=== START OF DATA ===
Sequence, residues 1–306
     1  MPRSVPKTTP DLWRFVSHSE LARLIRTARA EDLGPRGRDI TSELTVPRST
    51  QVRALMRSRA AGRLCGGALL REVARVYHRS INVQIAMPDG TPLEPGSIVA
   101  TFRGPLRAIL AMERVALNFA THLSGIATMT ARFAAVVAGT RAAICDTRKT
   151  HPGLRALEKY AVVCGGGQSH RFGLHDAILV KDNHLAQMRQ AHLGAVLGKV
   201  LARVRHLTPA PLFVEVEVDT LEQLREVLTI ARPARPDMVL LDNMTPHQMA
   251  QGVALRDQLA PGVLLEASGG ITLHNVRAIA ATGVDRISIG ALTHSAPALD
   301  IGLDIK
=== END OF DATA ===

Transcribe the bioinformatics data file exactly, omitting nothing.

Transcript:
Sequence, residues 1–306
     1  MPRSVPKTTP DLWRFVSHSE LARLIRTARA EDLGPRGRDI TSELTVPRST
    51  QVRALMRSRA AGRLCGGALL REVARVYHRS INVQIAMPDG TPLEPGSIVA
   101  TFRGPLRAIL AMERVALNFA THLSGIATMT ARFAAVVAGT RAAICDTRKT
   151  HPGLRALEKY AVVCGGGQSH RFGLHDAILV KDNHLAQMRQ AHLGAVLGKV
   201  LARVRHLTPA PLFVEVEVDT LEQLREVLTI ARPARPDMVL LDNMTPHQMA
   251  QGVALRDQLA PGVLLEASGG ITLHNVRAIA ATGVDRISIG ALTHSAPALD
   301  IGLDIK